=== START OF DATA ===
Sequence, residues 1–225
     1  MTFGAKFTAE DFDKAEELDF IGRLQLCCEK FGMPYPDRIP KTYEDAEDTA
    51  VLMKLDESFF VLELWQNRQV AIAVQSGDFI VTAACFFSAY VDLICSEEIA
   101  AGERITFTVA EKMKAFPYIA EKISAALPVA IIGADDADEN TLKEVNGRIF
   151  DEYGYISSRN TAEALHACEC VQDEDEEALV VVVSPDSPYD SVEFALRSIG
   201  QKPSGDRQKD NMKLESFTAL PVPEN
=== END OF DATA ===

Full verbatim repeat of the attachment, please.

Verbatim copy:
Sequence, residues 1–225
     1  MTFGAKFTAE DFDKAEELDF IGRLQLCCEK FGMPYPDRIP KTYEDAEDTA
    51  VLMKLDESFF VLELWQNRQV AIAVQSGDFI VTAACFFSAY VDLICSEEIA
   101  AGERITFTVA EKMKAFPYIA EKISAALPVA IIGADDADEN TLKEVNGRIF
   151  DEYGYISSRN TAEALHACEC VQDEDEEALV VVVSPDSPYD SVEFALRSIG
   201  QKPSGDRQKD NMKLESFTAL PVPEN